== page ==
Nevertheless, you can always purchase, download, or import your own templates. A good example of tonal databank is “Guitar Rig” software, which can be used to simulate different guitar sounds, preamps, and effects, even during the recording stage.
Step 3 – Adjust the “pan” properly
The “Pan” is vital for the mastering of any track, and it’s one of the best inventions ever incorporated since the introduction of stereo editing (whereas the “mono” implied that all sounds came through as a singularity).
Most of the time, the panning process should be pretty straightforward – a single guitar group should go “left” while the other group goes “right”, but that’s not always so simple. The best-case scenario involves two guitars, where the first should be dominant, thus louder by a bit, and the other, accompanying section should be leveled a bit below the first.
However, should you want to mix an arrangement of several guitars, determining which sub-group of tracks is dominant could be tricky. This situation gets worse if the number of tracks is odd – one group is bound to have at least one track panned above the other.
However, this is where your skills are to be tested. If you’ve made the arrangement yourself, you should already have the idea which guitar tracks should be played louder than the others. On top of that, it all falls down to balance – panning the loudest sub-group of tracks either way could easily snuff out the other group, so you can always consider “not panning” a certain group at all (mono panning – everything goes out through “all” speaker outputs).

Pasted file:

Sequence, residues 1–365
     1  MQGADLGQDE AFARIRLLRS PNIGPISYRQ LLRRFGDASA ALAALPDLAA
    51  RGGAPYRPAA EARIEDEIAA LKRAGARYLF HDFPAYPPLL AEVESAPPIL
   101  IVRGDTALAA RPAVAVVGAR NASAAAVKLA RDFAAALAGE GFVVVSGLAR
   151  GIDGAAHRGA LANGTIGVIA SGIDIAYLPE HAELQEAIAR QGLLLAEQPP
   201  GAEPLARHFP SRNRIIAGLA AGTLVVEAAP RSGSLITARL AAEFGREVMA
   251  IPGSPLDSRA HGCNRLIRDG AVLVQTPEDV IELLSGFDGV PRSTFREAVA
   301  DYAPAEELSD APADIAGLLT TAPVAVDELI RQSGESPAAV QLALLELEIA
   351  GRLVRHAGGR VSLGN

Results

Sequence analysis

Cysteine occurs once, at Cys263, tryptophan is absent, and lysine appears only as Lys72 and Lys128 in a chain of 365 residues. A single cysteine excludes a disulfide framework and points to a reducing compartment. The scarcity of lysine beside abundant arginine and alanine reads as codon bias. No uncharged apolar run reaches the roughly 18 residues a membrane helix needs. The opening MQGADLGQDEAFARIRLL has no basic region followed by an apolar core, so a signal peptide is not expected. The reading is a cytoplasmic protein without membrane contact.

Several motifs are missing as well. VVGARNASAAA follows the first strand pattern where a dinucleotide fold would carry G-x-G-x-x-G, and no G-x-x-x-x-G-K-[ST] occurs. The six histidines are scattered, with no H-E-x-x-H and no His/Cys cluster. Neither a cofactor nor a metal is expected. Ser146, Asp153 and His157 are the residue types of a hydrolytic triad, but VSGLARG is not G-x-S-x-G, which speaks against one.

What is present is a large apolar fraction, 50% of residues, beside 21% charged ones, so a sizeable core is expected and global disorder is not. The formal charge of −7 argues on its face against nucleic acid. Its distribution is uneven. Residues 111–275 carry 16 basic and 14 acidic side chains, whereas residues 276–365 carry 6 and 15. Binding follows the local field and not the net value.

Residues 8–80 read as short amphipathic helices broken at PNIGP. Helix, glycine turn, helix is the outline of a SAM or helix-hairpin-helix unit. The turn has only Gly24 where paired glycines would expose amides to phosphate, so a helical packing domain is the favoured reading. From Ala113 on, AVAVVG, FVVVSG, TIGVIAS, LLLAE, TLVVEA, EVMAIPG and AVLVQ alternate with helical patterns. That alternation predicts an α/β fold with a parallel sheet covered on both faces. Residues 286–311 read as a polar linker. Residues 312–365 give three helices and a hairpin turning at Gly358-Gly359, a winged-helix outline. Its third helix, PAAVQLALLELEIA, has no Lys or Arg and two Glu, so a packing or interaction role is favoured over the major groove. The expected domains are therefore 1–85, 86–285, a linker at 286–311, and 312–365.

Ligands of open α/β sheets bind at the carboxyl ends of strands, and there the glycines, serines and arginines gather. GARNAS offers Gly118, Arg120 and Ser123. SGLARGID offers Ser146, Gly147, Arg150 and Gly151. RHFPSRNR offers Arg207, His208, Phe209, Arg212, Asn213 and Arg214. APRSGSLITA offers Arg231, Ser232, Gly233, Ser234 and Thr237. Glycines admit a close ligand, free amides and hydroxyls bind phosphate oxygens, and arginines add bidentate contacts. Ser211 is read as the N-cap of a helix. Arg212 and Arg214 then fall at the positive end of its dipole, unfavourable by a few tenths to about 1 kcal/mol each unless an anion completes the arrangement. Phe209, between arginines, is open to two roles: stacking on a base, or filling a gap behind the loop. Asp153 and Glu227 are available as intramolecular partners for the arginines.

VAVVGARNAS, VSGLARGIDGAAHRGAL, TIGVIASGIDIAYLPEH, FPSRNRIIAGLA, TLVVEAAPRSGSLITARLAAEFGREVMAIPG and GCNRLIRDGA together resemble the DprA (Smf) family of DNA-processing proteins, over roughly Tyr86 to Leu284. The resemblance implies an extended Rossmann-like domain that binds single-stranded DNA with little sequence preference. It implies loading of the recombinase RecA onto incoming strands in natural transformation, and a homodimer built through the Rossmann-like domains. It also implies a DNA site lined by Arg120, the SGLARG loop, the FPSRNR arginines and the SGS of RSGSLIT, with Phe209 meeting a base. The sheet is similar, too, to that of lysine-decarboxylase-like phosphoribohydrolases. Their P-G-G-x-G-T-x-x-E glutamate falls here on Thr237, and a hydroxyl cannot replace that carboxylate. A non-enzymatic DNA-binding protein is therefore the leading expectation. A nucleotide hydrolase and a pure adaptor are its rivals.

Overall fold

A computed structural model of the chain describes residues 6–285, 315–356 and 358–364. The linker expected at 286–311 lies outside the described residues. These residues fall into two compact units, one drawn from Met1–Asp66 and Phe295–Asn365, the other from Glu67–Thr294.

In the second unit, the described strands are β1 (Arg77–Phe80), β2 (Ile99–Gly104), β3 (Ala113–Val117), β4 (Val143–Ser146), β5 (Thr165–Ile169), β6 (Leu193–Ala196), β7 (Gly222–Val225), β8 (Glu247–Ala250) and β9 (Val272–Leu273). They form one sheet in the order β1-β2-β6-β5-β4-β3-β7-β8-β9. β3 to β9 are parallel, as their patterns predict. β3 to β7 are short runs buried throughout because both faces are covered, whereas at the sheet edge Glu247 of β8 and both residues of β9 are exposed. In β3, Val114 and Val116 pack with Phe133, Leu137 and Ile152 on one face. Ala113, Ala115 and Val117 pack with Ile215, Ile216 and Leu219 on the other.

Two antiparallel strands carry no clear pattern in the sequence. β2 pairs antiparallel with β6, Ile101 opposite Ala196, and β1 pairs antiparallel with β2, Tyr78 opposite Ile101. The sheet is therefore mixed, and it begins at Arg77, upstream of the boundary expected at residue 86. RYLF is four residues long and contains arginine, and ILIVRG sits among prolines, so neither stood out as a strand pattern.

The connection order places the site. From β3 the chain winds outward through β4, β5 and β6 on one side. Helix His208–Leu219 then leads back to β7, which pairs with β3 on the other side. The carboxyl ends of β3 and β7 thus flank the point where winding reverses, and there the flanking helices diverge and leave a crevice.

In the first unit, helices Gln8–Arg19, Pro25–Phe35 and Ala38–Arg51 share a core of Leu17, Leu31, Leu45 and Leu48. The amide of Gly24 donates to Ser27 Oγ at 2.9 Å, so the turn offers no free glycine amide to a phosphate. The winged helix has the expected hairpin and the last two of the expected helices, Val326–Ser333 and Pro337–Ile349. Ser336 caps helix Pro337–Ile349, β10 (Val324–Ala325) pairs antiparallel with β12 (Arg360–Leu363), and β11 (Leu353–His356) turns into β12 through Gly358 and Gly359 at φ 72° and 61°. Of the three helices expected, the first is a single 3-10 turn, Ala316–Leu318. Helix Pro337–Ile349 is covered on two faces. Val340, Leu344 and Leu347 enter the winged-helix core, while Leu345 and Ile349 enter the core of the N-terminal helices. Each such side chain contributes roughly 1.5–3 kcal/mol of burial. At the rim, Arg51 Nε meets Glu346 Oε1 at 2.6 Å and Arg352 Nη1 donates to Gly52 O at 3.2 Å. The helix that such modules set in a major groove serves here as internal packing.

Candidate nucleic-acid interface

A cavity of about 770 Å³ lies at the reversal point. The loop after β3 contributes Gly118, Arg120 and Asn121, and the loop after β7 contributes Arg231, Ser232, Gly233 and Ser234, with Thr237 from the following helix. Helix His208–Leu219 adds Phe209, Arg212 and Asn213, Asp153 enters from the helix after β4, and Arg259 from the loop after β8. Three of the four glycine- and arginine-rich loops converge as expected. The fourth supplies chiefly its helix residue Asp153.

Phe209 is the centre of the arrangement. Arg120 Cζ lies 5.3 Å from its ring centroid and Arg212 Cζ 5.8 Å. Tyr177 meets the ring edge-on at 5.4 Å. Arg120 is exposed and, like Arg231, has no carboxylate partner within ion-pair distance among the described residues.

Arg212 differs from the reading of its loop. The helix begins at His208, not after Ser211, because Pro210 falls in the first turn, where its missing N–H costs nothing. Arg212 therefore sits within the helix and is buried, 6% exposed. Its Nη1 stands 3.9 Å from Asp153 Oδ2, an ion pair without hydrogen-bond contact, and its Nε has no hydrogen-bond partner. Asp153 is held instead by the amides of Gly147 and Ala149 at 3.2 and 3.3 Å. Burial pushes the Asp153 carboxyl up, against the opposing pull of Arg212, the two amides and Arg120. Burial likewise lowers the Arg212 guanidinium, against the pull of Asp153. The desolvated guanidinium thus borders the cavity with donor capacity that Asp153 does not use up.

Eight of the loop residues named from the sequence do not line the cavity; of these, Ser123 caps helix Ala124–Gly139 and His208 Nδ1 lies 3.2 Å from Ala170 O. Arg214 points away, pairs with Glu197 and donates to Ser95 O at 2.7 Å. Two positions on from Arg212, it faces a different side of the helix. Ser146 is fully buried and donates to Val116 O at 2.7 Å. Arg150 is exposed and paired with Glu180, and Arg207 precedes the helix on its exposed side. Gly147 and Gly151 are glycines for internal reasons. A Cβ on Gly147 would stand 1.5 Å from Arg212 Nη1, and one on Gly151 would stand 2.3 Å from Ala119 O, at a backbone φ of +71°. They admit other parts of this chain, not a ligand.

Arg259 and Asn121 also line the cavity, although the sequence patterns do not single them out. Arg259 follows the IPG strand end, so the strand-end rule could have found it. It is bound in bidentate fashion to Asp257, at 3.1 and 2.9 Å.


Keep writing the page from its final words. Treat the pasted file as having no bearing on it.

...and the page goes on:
Step 4 – Finish your mastering with the Equalizer
The hardest part of mixing your guitar tracks is tweaking around with the equalizer. The “EQ” is often comprised of several knobs, although different consoles come outfitted with different settings and features. Some of the most generalized features of EQ section are “gain”, “reverb”, “lows”, “mids”, “highs”, and so on.
The “lows-mids-highs” regard the “frequencies”, and playing around with them will yield various results. Ranging from muddy, sluggish sounds once the lows are accentuated, over chilly, balanced sounds, to crispy, sharp notes with the high ones being dominant.
Turning these knobs even by just a bit might mean a world of difference, so you should pay much attention to what you do, even before you’ve done it. Most professionals recommend “taking a picture” of your EQ board before proceeding to the main mix, so that you can always return the settings to their former values if you happen to dislike the outcome.
Mastering your guitar tracks always takes time, but the patience is well worth it. Don’t expect to learn the ropes overnight, as there’s always much to learn, even after you’ve mastered thousands of arrangements.
Whenever you’re feeling insecure, feel free to consult our step-by-step guide to the basics of guitar track mastering. We hope we’ve been of help, and we wish you all the luck.
I’m Alex Frank who has worked sound technology industry for 10 years now. Today, I am an affiliate blogger who likes to educate my audience more about sound technology. Visit to Music Instruments Center to find all information about music that you need.